New Review Board Chair and Francis’ First Acceptance of a Resignation
USCCB’s National Review Board
There is a new chair of the United States Conference of Catholic Bishops’ National Review Board. He is Francesco C. Cesareo, who has been on the review board since last year. He is president of AssumptionCollege, Worcester, Massachusetts.
Cesareo’s appointment was made by New York Cardinal Timothy Dolan, who chairs the USCCB.
New review board chairs have been mostly the same as the chairs they succeed: invisible and largely ineffective. That’s except for the first two – Frank Keating, the former governor of Oklahoma, who chaired the first review board, and Illinois Supreme Court Justice Anne Burke. They both served on the first review board which actually came close to being an independent review board.
Keating, you may recall, likened the USCCB members to the Mafia as he handed in his resignation.
The boys club denied the title of “chair” without an adjective to Justice Burke. By the bishops’ decree, she was known throughout her time at the helm as “interim chair. Burke has remained outspoken about the bishops in the decade plus one years since the initial review board was set up in the white heat of media coverage of the crisis in 2002.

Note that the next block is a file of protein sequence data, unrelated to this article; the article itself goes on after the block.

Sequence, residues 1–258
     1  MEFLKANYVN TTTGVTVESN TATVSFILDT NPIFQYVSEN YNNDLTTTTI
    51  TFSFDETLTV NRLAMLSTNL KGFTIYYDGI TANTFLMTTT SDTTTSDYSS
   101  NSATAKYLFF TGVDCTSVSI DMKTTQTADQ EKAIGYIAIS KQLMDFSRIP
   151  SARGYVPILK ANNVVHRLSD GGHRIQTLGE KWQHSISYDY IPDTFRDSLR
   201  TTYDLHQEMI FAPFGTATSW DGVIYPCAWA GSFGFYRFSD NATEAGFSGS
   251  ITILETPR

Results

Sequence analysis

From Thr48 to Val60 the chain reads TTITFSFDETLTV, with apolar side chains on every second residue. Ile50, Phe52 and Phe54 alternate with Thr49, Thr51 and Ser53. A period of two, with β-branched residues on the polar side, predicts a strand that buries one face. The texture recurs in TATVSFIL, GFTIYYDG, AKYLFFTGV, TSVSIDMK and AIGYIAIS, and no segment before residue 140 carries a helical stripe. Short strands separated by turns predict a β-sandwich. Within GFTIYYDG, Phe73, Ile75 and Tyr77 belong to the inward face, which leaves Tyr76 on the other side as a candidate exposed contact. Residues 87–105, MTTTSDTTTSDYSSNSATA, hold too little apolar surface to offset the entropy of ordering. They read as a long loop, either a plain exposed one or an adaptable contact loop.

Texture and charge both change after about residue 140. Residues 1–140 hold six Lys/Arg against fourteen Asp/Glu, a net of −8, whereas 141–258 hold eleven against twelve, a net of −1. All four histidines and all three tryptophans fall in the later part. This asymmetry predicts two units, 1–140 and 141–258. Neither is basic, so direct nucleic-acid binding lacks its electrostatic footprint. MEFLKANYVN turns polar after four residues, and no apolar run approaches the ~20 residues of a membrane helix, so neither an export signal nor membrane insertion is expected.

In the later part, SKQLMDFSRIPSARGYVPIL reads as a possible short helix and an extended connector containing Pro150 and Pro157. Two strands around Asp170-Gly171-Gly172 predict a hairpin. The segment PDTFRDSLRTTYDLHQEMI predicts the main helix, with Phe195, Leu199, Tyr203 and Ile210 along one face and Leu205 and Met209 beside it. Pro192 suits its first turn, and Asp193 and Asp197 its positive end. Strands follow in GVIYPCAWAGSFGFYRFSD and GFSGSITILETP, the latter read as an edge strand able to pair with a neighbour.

For subsequent review boards the bishops created panels of people with wonderful resumes but no guts to stand up to their appointers and hold their feet to the fire to make the necessary changes to the Charter beginning with the inclusion of penalties for bishops (read cardinals also) who covered up crimes let alone for bishops who become criminally convicted covering up crimes as has Diocese of Kansas City-St. Joseph Missouri Bishop Robert Finn.
So it wasn’t so much the new chair that caught our eye in the USCCB’s announcement but one of the new members: Scott Wasserman. Wasserman, the USCCB’s news release says, is a Kansas City, Kansas attorney whose law practice “focuses on legal issues involving children, especially abused children and children with special needs.”
Kansas City, Kansas isn’t Kansas City, Missouri but it’s close enough for this attorney to indeed be more aware than most Catholics about what Finn did and the fact that he is still a sitting bishop.
Here’s the link to the USCCB release:
His opportunity to follow in the footsteps of Keating and Burke awaits. Will he take it?
On the Eve of Deposition, Archbishop’s Resignation Accepted
Pope Francis has accepted the tendered resignation at age 73, two years younger than the age required for resignation by bishops, of Archbishop Jerome Hanus of Dubuque, Iowa.
Archbishop Hanus says his resignation is for “health reasons”.
In two weeks, Archbishop Hanus was scheduled to be deposed in a case of a former priest, Bede Parry. This priest has said in an interview that he told Archbishop Hanus about what he had done. Subsequent to the Archbishop having this information, Parry abused other children. Parry admitted to his conduct in 2011.
So, Hanus hands in a resignation, it’s accepted in the shadow of a court date.
Finn is criminally convicted. He is still a bishop with jurisdiction.
— Kristine Ward, Chair, National Survivor Advocates Coalition (NSAC) KristineWard@hotmail.com